During the season at the U of MN, Mike Hebert received an email from a club coach of which he passed along to me. The club coach was concerned with devising an offense system for a team with very little height. The club coach was quick to point out that the team had three great liberos. Here is my reply with Mike’s blessing, it also gives some insight of things I learned at the U of MN:
I hope this email will help save some trees and save you some money from all the paper you are using trying to devise an offense. But let’s look at two things first: 1) Defense 2) Height, and then we can discuss offense.
Allow me to offer some perspective, this past weekend the U of MN played a great, yet grueling 5 set match against an aggressive, #17 ranked Illinois team. Their two “giant” middles combined for a total of 3 blocks out of Minnesota’s 177 total hitting attempts. Illinois dug 82 of those 177 total attempts. Let me ask you this question now, would you prefer to have two great middles or 3 great liberos? It sounds as if your team might be in better shape than you think. Its defense that wins championships.
As much as we would like our middles to block every ball or at least touch every ball hit, it is impossible. In your situation especially, the goal of the middle is to channel the ball, with a clear path, to the defense. It is best to design a defense, and your block, based on your backrow strengths.
Now let’s talk a little about height before we design a defense. Minnesota is recruiting a 5’11” middle blocker. How can she match-up against the giant 6’5″, 6″6″ girls of the Big Ten? Quickness and her ability to read the game. Her quickness and ability to read the game will enable her to get to the pins faster than most “giants”. She will be able to set-up an effective block that will enable our defense to dig more balls than our opponent.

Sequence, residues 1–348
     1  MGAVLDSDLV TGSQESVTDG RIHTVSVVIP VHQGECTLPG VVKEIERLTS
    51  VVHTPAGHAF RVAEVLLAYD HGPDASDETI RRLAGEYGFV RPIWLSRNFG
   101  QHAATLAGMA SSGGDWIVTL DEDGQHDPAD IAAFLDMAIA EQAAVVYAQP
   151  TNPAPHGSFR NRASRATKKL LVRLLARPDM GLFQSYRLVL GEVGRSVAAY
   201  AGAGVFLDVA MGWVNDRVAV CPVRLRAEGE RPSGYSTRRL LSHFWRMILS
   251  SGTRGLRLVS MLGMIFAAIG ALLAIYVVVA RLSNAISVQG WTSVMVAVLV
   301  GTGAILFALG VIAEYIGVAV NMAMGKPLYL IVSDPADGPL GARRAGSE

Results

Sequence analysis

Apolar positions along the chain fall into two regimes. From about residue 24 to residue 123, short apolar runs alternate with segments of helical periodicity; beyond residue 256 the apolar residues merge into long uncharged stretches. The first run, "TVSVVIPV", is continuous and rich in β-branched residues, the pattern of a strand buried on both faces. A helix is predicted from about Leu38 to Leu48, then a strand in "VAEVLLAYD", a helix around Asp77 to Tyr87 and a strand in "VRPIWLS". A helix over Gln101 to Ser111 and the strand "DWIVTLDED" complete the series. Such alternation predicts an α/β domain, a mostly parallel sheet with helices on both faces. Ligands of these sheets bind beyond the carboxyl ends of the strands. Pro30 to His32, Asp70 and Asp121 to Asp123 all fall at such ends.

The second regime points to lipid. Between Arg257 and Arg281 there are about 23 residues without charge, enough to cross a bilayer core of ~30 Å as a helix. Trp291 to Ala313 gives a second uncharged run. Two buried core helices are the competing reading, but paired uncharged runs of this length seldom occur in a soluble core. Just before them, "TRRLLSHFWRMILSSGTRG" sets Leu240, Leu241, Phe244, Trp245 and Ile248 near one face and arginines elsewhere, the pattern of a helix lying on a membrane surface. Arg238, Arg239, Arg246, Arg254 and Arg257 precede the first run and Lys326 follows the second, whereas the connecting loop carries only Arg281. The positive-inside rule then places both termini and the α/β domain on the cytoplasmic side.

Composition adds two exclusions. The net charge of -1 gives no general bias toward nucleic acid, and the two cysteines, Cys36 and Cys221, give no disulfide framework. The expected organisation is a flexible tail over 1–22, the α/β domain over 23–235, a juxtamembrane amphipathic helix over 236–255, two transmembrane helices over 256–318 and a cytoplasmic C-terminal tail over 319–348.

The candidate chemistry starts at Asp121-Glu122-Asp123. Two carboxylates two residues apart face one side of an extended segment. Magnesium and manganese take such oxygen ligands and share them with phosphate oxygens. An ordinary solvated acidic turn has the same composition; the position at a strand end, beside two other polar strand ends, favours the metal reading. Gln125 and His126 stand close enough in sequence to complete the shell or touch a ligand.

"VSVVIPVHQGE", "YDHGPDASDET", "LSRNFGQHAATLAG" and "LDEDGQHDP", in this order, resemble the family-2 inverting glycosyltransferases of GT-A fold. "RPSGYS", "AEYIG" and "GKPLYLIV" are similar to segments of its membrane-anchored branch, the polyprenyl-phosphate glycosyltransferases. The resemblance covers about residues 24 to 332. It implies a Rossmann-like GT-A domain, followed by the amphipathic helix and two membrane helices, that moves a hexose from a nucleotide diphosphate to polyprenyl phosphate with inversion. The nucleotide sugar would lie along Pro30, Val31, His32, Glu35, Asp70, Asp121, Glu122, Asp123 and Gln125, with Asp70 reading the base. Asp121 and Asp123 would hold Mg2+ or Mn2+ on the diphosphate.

So let’s set-up your defense based on some blocking strategies developed over the years from Paul Arrington and Jim Coleman. Conventional wisdom has been that one blocker is good, two or more must be better. After intense analysis of blocking (a well formed two person block, a poorly formed two person block – hole in block, bad timing, etc., and a one person block) the study found that a well formed two person block is best, but it was proven that a one person block is about two times as effective versus a poorly formed two person block. With this being the case, your three great defense players are now looking even more valuable.
So with this in mind, your middles (who are quick and already read the game well) can now ‘release’ to block an opponents strength, especially in two hitter rotations (when the setter is front row). Release means that the coach (or player) will determine before your serve (based on experience and statistics, if available) that the middle blocker will literally move to the outside or right-side to set up a well formed two person block (after reading/blocking a potential middle attack, or setter dump in two hitter rotations). In this strategy, your middle blocker will only be responsible for defending the middle (or setter in two hitter rotations) and one direction versus having to cover the entire net. You are now able to rely upon your
backrow to make an effective defensive movement against a well formed two person block or a single block (likely against a team’s weaker hitter).